Top Democrat on House Intelligence panel backs Iran nuclear deal

Top Democrat on House Intelligence panel backs Iran nuclear deal

The ranking member of the House Intelligence Committee, Rep. Adam SchiffAdam Bennett SchiffShowdown looms over Mueller report Pelosi, Dems plot strategy after end of Mueller probe If Mueller's report lacks indictments, collusion is a delusion MORE (D-Calif.), said on Monday that Congress should back the Iran nuclear agreement, adding the support of another Jewish Democrat for the deal. 

He said as an American and Jew deeply concerned about the security of Israel, preventing Iran from getting a nuclear bomb is "intensely personal."  

"In the absence of a credible alternative, Congress should accept the deal and work with the Administration to strengthen its impact, while joining forces with our allies to better contain Iran's conventional capabilities and nefarious conduct in the region and beyond," he said in a statement. 


Schiff said there are elements of the deal he likes, while others are "deeply concerning." 

He said the deal "realistically precludes Iran from developing an atomic bomb for fifteen or more years, and does so while reducing the chances of war." 

He also endorsed the mechanism under the deal that would allow the U.S. to unilaterally snap back sanctions in the event of Iranian noncompliance, as well as the "intrusive" inspections into Iran.  

However, he cited two "deeply concerning" elements: lack of robust access to the sites of Iran's past military work, which would be addressed with the International Atomic Energy Agency (IAEA), and Iran's freedom to have a nuclear program after many of the deal's provisions expire in 15 years.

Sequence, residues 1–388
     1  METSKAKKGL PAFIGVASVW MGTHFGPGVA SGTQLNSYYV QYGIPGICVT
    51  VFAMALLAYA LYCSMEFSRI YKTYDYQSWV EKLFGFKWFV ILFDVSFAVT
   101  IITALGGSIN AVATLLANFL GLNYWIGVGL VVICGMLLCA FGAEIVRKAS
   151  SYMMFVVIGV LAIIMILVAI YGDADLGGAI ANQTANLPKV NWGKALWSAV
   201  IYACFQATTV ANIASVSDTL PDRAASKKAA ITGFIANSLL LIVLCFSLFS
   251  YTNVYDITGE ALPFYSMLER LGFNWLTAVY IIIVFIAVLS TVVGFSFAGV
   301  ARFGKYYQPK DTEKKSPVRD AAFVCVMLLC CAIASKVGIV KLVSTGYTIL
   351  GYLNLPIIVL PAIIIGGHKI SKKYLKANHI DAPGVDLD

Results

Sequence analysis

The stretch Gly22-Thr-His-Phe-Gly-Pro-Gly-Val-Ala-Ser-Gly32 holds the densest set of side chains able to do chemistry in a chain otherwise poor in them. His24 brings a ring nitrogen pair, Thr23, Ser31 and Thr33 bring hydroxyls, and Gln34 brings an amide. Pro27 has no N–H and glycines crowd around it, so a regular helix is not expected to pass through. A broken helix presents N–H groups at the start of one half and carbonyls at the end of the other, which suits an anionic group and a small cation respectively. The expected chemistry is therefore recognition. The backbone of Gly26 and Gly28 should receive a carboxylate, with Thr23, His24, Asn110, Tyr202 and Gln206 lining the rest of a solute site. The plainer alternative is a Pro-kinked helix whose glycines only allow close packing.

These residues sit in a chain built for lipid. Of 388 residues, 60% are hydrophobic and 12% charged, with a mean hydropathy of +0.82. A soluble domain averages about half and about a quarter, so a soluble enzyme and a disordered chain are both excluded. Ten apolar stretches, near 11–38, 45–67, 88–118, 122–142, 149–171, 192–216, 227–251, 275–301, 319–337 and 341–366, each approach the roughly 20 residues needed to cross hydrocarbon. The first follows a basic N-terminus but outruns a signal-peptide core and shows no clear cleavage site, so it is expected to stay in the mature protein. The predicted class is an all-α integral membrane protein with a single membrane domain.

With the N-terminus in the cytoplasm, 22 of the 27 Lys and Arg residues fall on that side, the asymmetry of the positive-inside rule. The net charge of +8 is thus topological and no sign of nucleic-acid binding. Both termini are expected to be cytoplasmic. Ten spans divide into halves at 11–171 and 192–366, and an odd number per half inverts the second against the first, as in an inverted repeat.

Last week, lead negotiator Wendy Sherman said she briefed House members, committee chairmen and ranking members on the confidential agreements between the IAEA and Iran on possible military dimensions of its program, which Republicans say are "side agreements" that Congress should examine. 

Schiff said "the United States does not appear to have obtained the more robust access to military sites that we sought, but this is mitigated by the fact that the IAEA and U.S. already have considerable intelligence about the type of work that Iran has done to construct, deliver and detonate an atomic bomb." 

"No one expects Iran or its scientists to be the least bit forthcoming about Iran's past weaponization work," he added, saying that U.S. intelligence "already provides a good basis for calculations even without Iran coming clean on its [possible military dimensions]."  

Schiff also said it is worrying that after 15 years, Iran would be left with a robust and internationally legitimized enrichment capability.

"At the end of fifteen years, Iran will have few constraints on the speed of its enrichment, and at that point it is the work necessary to produce the mechanism for the bomb that becomes the real obstacle to a breakout — and that work is among the most difficult to detect," he said. 

"I have searched for a better, credible alternative and concluded that there is none," he added.  

Schiff's support follows the endorsement of the deal last week by Rep. Sandy Levin (D-Mich.), the longest-serving Jewish member of Congress. 

His support also comes amid an intense White House lobbying effort to build Democratic support for the deal, as Republicans seek to reject it. Congress is expected to vote on the deal in September. If lawmakers reject it, the president would need at least 13 Senate Democrats and 43 House Democrats to sustain a veto. 

If Congress rejects the deal, the sanctions regime will "almost certainly erode," if not collapse, Schiff said. 

He laid out a list of ways Congress could improve the deal, including making clear that repercussions would be severe, strengthening intelligence capabilities and setting the expectation that Iran will never be permitted to produce highly enriched uranium.

He said he hoped the deal would empower Iranian reforms during the duration of the agreement. If Iran is determined to go nuclear, however, he said the U.S. would have to use force. 

"But then at least, the American people and others around the world will recognize that we did everything possible to avoid war," he said.